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Conclusions/ Future Work





Fault tolerance?
Lifetime of a ESPACENET system
Determining Ideal network size
Availability of system outside of Evolutionary
algorithms
It is a proposed framework and so case
studies of missions using it will be interesting
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Development of a Satellite Sensor
Network for Future Space Missions
Vladimirova, T.; Xiaofeng Wu; Bridges, C.P.; , "Development of a Satellite Sensor Network for Future Space
Missions," Aerospace Conference, 2008 IEEE , vol., no., pp.1-10, 1-8 March 2008
VLSI Design & Embedded Systems research group, Surrey Space Centre, Department of Electronic Engineering,
University of Surrey
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Introduction

Principles developed from the ESPACENET framework
are applied at University of Surrey


Test missions planned


Development of a robust satellite system with many sensor
nodes
Aiming to test many new technologies for space networking and
distributed computing
Adapts CubeSat as a platform to test a novel pico satellite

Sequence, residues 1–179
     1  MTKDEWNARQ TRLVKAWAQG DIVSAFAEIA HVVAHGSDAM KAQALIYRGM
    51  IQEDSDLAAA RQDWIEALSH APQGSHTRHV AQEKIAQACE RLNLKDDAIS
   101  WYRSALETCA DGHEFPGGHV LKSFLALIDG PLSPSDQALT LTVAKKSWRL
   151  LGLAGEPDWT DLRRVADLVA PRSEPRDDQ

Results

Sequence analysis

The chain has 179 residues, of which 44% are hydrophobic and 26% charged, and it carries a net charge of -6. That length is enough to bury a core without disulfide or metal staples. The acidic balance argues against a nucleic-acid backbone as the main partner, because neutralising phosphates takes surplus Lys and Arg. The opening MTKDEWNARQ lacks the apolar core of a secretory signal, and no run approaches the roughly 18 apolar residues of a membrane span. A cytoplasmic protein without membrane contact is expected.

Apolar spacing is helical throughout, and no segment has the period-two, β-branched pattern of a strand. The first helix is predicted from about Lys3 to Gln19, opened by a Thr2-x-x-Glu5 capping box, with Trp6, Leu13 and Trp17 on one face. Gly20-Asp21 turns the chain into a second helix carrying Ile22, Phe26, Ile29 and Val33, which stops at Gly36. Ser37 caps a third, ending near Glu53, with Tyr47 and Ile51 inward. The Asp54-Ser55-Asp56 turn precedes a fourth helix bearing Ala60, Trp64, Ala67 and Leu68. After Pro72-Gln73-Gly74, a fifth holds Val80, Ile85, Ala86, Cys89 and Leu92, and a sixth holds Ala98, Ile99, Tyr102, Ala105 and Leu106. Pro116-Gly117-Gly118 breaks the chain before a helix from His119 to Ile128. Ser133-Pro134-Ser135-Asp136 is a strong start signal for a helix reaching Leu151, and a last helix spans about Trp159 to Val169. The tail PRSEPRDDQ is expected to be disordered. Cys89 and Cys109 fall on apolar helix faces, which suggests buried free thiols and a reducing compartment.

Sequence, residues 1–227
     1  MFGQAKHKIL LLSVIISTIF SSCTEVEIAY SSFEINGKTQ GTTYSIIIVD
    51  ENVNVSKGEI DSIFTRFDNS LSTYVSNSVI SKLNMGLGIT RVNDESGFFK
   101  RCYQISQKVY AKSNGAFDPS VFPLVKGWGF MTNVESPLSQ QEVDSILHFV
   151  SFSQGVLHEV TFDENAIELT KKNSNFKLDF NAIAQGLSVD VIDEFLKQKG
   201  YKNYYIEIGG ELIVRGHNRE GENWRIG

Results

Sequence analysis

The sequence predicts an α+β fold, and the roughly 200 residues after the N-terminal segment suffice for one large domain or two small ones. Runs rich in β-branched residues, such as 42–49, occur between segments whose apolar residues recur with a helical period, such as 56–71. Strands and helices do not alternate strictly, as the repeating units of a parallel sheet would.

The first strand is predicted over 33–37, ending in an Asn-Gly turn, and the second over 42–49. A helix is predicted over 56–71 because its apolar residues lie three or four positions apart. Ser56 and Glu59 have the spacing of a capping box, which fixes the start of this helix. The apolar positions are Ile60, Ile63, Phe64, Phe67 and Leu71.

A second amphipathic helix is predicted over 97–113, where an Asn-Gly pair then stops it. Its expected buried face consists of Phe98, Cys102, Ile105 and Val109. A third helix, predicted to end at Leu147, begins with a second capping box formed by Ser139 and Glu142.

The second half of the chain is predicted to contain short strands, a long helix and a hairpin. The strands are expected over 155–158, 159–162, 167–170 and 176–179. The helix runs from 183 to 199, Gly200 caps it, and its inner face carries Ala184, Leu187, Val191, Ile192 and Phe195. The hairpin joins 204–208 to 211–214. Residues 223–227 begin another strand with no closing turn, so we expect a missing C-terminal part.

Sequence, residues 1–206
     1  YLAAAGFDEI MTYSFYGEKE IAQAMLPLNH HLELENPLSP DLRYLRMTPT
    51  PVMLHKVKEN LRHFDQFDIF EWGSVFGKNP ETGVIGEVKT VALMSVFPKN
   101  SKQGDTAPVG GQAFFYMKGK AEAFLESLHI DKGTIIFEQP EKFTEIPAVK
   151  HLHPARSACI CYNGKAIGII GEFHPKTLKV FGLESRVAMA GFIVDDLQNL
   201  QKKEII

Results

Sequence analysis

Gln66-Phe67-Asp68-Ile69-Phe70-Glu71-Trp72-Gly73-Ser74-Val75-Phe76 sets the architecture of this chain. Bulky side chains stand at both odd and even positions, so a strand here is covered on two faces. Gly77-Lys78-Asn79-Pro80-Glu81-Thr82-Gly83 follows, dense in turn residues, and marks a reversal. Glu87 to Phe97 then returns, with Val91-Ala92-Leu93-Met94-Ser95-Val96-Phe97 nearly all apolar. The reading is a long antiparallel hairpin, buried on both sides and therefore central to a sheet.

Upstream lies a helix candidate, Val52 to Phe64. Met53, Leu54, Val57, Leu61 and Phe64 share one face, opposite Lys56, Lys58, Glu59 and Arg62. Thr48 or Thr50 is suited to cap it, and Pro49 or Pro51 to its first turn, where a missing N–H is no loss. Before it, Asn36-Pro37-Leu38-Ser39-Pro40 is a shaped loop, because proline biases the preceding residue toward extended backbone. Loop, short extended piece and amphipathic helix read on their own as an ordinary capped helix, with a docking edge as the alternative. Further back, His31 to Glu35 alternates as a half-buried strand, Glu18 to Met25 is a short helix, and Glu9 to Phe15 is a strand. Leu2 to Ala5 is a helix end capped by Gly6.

architecture
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Space Mission

Targeting one of two launch opportunities



CubeSat Program
Surrey Satellite Technology Limited
Undertaken to test technologies


Adapting IEEE 802.11 for inter satellite communication
Distributed computing via 3 satellites





Collaborative image processing
EM measurements
Running MOEA to route signals
Secure processing for nodes/ network
SoC design with FPGA implemented controller
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Pico satellite Design

System is designed as a payload to a cubesat



Compartmentalizing the design increases reliability
Main satellite controller is a commercial off the shelf
(COTS) MSP430
Leveraging the CubeSat kit allows for a focus on pico